New rules come into force today that will make getting a mortgage more difficult and take longer to arrange. They will require new borrowers to supply more information about themselves including what they spend their money on now AND for up to 5 years time. The changes represent the biggest shake-up in the mortgage industry for 10 years and are designed to protect consumers from the reckless mortgage lending that has been seen in the past and to help ensure that borrowers aren’t left unable to make their repayments.
Many of today’s newspapers have grabbed headlines about ‘lifestyle quizzes’ including what you might spend on haircuts, night outs and childcare, but the new mortgage rules go much further than this. Here’s a summary of the new changes:
More details of your income and expenditure
The rule are aimed at assessing the affordability of a mortgage so lenders have to take into account ‘committed expenditure’ and costs reflecting your lifestyle. The kind of things that will be included here are spending on council tax, utilities, ground rents, buildings and contents insurance, pension payments, car expenses and travelling to work, Other living expenses will include how much you spend on clothing, child care, recreation and other goods.
Lenders will also require much more documentation to prove your income and expenditure as well as a kind of ‘stress test’ – could you still pay the mortgage if interest rates went up 1% or more?
It will take longer to arrange a mortgage
If you are being advised on a mortgage then this may involve an interview of around 2 hours or even several interviews. Aside from all the additional proof required for income and expenditure, the interviews have to make much more certain that the mortgage is appropriate for you e.g. factors such as fixed and variable payments, the term of the mortgage, penalties for early repayment, explanation of fees etc. – these will all require a lot more time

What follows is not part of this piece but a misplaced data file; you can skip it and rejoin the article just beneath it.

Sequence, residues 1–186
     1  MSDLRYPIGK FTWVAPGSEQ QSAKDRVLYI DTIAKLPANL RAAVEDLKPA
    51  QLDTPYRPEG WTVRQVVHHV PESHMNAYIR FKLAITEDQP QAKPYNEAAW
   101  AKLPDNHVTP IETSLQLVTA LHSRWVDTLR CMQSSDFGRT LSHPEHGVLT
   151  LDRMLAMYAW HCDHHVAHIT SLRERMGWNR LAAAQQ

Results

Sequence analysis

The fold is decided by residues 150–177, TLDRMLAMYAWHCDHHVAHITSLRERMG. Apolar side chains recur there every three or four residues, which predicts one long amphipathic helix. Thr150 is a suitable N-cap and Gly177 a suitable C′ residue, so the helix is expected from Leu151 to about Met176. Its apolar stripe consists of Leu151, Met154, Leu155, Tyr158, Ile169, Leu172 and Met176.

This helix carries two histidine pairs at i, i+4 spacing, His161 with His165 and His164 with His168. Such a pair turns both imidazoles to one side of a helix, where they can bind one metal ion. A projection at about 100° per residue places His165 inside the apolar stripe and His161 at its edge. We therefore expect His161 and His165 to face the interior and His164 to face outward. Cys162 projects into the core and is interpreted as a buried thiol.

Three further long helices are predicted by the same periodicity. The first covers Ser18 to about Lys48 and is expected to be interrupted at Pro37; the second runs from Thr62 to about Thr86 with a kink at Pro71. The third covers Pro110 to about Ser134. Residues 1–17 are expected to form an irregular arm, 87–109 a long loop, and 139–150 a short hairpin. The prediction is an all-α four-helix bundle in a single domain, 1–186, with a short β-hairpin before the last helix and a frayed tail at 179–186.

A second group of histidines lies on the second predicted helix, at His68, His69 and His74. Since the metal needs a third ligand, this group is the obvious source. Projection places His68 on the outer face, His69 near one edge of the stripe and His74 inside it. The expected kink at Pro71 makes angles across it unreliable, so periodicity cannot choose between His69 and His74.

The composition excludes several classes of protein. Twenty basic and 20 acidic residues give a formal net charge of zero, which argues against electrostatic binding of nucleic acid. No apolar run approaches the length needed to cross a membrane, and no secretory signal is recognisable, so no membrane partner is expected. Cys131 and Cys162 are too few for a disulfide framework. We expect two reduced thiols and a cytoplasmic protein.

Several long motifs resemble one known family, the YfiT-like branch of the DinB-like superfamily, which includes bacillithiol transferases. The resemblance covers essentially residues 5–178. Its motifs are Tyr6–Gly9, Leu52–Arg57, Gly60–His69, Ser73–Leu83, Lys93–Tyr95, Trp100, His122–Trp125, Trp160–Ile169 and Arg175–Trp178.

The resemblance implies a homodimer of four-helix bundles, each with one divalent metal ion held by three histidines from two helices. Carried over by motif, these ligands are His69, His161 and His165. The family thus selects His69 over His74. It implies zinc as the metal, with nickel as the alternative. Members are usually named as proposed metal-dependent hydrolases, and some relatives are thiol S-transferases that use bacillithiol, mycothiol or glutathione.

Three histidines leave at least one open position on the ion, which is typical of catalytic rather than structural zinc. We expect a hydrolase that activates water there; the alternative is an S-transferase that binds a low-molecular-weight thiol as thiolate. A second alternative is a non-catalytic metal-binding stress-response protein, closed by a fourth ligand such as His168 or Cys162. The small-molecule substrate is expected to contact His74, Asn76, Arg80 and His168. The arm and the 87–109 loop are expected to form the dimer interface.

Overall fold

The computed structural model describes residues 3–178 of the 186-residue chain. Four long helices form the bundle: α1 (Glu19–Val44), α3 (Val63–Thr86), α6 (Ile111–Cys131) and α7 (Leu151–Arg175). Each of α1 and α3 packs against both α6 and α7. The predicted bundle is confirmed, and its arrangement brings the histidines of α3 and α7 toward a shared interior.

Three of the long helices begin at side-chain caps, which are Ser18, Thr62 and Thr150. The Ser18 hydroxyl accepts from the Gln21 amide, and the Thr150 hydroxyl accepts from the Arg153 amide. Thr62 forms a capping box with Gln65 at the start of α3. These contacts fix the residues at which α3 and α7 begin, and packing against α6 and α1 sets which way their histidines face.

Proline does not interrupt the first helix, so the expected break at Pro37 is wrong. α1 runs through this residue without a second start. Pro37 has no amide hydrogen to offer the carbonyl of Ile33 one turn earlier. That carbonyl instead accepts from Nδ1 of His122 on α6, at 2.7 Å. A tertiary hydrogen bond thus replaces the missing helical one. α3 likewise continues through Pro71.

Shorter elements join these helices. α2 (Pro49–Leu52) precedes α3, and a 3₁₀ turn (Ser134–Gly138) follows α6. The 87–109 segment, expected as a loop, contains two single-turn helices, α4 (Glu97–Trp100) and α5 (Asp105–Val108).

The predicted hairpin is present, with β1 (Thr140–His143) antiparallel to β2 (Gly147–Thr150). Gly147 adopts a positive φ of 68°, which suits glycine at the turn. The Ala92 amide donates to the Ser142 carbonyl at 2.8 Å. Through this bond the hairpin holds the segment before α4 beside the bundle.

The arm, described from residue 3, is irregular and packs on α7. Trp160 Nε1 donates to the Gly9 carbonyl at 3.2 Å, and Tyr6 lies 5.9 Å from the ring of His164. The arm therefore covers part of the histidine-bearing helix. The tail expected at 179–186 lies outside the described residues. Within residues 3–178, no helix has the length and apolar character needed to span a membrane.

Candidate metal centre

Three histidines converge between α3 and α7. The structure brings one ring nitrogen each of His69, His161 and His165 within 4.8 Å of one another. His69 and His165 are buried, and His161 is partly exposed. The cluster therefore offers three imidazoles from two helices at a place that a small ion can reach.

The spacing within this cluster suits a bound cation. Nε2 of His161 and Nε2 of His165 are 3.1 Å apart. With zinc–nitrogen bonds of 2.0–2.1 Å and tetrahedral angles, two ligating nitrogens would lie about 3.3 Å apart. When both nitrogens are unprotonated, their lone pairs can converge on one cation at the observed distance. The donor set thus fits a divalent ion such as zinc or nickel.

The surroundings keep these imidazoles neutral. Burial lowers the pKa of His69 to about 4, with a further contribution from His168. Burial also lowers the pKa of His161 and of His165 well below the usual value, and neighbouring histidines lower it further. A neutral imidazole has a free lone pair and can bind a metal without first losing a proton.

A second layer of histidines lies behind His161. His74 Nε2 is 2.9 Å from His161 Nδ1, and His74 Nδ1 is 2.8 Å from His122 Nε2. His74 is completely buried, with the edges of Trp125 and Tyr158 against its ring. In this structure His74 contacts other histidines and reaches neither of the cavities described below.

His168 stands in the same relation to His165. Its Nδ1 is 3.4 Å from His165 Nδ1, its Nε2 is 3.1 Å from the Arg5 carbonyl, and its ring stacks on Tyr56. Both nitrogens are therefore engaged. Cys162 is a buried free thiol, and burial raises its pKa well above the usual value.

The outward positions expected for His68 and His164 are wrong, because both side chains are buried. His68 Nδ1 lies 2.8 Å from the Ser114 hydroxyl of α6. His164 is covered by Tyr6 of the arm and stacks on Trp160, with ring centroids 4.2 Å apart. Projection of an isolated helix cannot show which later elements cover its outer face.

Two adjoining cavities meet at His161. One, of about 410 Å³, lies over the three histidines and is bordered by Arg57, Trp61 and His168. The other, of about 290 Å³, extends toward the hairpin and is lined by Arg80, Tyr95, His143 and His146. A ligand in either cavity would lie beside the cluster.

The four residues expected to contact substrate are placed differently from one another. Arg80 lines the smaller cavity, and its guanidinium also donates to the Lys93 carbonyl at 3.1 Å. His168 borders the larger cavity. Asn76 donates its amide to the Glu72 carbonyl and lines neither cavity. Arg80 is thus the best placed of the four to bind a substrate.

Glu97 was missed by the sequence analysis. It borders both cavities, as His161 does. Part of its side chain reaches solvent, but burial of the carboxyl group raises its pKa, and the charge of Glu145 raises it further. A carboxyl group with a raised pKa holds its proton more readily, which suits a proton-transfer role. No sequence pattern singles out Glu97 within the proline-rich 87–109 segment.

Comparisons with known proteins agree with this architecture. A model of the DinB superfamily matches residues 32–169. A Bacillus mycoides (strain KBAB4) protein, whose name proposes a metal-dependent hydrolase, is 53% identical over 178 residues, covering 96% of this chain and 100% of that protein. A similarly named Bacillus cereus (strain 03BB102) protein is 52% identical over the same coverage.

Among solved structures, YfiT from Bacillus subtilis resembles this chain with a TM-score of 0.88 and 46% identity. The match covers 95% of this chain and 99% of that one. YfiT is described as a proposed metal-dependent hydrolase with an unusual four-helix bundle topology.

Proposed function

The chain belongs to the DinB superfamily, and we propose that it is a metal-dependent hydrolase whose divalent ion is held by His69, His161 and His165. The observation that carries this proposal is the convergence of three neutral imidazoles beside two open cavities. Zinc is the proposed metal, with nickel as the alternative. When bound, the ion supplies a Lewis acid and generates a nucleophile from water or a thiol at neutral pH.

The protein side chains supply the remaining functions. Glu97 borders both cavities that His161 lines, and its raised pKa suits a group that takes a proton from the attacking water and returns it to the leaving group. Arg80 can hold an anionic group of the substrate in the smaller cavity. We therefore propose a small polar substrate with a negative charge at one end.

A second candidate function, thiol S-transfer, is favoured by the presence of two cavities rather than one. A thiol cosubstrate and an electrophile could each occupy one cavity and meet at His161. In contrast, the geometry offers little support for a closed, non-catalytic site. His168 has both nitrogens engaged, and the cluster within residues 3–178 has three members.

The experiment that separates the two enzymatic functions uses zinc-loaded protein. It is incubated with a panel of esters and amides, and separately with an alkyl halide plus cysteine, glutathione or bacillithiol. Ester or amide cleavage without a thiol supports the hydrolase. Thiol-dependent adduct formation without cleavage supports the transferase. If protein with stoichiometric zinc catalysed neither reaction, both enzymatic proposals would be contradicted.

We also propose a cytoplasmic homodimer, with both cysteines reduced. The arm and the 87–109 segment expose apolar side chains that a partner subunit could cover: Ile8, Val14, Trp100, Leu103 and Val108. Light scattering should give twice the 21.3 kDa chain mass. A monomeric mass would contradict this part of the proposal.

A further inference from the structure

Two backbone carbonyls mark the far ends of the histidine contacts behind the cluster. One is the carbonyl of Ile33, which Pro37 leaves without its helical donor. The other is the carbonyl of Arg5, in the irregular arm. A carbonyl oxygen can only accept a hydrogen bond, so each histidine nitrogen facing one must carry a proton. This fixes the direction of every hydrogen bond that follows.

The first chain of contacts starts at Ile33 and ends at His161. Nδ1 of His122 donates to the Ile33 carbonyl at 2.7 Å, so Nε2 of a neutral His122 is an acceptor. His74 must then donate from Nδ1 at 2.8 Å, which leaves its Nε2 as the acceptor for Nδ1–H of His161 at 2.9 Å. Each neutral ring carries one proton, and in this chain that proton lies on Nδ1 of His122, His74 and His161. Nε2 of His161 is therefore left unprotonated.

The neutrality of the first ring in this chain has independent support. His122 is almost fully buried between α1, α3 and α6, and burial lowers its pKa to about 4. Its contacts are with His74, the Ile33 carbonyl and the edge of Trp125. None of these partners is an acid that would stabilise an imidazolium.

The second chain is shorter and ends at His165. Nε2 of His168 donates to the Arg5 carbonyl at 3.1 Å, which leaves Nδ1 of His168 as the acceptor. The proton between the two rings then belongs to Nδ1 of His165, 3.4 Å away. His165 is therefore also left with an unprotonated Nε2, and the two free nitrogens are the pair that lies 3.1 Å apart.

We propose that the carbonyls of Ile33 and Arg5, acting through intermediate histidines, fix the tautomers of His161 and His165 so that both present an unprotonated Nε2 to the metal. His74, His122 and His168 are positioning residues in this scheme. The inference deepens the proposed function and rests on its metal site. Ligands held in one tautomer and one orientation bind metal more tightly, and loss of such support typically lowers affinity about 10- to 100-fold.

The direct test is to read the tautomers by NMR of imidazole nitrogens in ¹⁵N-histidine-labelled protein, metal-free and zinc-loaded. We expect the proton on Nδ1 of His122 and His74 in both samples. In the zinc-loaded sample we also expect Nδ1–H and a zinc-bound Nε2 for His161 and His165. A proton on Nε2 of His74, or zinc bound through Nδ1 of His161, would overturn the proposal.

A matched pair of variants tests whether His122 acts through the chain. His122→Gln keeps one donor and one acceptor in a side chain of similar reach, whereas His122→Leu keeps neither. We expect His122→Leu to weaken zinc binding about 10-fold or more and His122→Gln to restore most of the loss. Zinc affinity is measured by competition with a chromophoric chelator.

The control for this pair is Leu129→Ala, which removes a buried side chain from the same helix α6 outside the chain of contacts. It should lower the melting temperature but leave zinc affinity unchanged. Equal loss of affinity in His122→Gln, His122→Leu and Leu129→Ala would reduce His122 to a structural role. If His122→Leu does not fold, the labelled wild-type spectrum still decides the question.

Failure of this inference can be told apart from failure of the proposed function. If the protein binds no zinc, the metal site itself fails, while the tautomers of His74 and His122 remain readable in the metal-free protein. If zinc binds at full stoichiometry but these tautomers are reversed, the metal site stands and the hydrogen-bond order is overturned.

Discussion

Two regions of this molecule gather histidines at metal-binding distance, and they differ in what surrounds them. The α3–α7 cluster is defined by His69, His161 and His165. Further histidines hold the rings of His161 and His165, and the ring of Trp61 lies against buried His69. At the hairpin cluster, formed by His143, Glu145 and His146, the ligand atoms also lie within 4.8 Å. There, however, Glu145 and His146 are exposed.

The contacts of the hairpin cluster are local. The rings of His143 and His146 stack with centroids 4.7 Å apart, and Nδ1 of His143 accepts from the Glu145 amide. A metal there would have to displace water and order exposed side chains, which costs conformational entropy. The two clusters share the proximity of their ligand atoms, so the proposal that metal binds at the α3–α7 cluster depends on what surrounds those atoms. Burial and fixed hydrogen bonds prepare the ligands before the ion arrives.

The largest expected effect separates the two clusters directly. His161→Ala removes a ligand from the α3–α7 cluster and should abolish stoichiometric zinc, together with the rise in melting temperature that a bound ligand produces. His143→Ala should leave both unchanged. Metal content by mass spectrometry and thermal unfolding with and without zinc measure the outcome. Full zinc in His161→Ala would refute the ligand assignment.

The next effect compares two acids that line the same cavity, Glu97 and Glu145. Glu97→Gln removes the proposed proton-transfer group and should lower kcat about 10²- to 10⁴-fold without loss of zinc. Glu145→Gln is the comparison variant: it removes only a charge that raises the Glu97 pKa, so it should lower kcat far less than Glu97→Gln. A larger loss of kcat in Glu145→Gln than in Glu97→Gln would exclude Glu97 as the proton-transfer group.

‘Execution only’ mortgages
This means that you are receiving no advice and therefore you have to prove that you have researched the market and understand the commitments associated with the mortgage and all its features. The lender will also need to make a declaration that advice has not been provided to you – many lenders will probably not want to lend on this basis and will therefore insist the process has gone through a broker or advisor.
Very popular in the property boom a few years ago, but now becoming a very niche area of lending, partly because lenders have withdrawn from ‘interest only’. Lenders will in future need to examine closely your range of repayment strategies, including savings plans and ISAs (and their expected returns), evidence of bonuses or other ‘irregular’ income and proof of ownership of assets which could be sold to pay off capital.
Many of the above changes seem to be a matter of common sense but some lenders could be much more vigorous about investigating all the aspects of your life style spending and of your income. What is quite obvious though is that the whole process of applying for a mortgage will take longer and be more intrusive than ever before.
MoneyMoz Author – Richard Bloomfield